When Mr. Sheppard, in company with two of his friends, John Purcell and. Albert Alexander Le Souef, left Melbourne on horseback, heading northward through country which, not far from the city, was almost uninhabited. They were skilled bushmen and had no difficulty in keeping to the course they wished to follow. They rode steadily, as befitted men who had about 130 miles to travel, and they looked well to their horses, always camping far the midday rest where the grass-was good, and, when it was possible, stabling the animals at night. At that time there was nothing unusual in such a journey, but these gentlemen were on a special errand, arising out of some high-handed doings, by means of which Mr. Sheppard had been deprived of his Tallygaroopna sheep station.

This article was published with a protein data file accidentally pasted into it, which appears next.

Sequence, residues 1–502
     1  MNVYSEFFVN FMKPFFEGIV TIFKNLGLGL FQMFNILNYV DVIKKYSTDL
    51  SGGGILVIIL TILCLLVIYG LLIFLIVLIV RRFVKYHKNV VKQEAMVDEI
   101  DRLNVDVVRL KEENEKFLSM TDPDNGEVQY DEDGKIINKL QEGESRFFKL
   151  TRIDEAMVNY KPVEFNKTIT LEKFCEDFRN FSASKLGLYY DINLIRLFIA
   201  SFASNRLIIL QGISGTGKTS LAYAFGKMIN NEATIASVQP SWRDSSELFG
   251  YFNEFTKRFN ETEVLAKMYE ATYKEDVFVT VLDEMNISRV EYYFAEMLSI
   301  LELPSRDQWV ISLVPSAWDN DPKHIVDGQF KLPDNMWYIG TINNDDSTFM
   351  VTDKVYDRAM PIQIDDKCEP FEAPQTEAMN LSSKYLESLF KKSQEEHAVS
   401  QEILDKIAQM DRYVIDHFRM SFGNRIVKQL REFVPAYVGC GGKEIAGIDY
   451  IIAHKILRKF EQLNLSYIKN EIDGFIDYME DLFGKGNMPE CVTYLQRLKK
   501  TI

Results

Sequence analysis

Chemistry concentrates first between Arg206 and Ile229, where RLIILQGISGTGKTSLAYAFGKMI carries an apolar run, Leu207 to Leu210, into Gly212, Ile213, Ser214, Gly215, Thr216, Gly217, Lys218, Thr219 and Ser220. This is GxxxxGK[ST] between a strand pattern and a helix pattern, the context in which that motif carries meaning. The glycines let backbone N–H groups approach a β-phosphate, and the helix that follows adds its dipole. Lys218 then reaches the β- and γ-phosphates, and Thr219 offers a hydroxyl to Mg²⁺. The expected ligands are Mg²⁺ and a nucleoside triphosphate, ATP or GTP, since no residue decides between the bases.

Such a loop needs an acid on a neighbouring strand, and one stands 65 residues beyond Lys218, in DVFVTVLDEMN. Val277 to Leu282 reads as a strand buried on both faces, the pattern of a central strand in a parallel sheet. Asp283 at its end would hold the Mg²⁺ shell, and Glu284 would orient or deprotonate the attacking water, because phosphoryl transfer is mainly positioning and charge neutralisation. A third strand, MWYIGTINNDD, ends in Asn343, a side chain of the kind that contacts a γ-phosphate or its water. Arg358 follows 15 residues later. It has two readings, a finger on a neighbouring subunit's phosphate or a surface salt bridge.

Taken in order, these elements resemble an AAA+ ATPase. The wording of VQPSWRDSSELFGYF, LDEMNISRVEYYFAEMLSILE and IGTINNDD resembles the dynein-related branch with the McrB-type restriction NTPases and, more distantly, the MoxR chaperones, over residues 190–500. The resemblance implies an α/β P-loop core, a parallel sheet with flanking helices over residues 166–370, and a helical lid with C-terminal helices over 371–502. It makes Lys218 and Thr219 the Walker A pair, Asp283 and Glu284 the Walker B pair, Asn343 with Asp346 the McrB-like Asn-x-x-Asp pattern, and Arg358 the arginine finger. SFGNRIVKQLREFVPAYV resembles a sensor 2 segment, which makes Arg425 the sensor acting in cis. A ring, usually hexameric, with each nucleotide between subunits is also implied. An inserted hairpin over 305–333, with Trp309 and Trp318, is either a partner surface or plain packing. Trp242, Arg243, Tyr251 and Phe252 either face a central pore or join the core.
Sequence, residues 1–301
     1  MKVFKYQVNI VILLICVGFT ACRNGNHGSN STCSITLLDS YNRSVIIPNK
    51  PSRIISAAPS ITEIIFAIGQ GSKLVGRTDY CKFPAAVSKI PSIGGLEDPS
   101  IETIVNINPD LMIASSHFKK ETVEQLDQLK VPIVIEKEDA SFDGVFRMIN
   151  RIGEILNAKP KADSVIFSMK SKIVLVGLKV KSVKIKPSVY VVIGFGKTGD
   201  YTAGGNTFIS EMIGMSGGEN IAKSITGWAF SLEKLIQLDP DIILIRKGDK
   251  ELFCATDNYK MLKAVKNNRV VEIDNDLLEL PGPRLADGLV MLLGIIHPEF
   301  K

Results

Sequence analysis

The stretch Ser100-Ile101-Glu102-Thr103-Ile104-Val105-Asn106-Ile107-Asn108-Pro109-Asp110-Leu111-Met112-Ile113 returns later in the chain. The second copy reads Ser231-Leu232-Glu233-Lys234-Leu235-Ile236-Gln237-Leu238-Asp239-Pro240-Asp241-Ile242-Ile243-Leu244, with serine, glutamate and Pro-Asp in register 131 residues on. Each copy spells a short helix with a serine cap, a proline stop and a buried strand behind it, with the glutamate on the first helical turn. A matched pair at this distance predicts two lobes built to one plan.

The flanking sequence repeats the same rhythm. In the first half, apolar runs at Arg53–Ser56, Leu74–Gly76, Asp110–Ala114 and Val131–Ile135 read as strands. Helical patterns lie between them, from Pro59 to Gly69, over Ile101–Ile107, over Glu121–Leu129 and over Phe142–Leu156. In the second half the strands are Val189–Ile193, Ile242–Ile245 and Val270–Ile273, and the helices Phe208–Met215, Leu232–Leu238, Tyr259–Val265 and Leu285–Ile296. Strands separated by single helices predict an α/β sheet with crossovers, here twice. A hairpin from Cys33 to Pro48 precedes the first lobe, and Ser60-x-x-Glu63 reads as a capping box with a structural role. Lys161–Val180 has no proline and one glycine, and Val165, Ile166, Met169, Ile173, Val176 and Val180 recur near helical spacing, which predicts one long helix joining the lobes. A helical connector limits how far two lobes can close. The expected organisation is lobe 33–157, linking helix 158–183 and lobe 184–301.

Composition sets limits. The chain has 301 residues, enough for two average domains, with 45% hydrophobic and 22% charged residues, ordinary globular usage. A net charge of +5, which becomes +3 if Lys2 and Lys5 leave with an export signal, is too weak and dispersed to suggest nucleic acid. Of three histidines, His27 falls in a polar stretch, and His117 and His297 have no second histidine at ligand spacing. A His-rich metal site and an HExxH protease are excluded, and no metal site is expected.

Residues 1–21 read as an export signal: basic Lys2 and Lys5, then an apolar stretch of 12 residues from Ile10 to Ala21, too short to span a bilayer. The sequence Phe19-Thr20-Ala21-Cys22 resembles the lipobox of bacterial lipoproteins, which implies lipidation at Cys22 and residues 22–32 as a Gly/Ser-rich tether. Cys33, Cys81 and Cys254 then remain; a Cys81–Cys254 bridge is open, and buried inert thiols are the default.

Mr. Sheppard had been on a visit to England, unfortunately forgetting, before he sailed, to pay his agent a sum of money which he owed them. He was away longer than he had intended. and the agents took it upon themselves to sell the station with the stock upon it. It seems that they were within their rights in selling the stock to recoup themselves for the money owed to them by Mr. Sheppard, but that they had. no legal power to dispose of the leasehold of the run. On Mr. Sheppard’s return, shortly after the sale, he applied to the Government to be put into repossession of the station but was met with a refusal. Thereupon he sought legal advice, and was told that, owing to certain peculiarities in the terms of the lease, a lawsuit would probably fail, but that if by any means he could regain possession of the property it would be exceedingly difficult to oust him.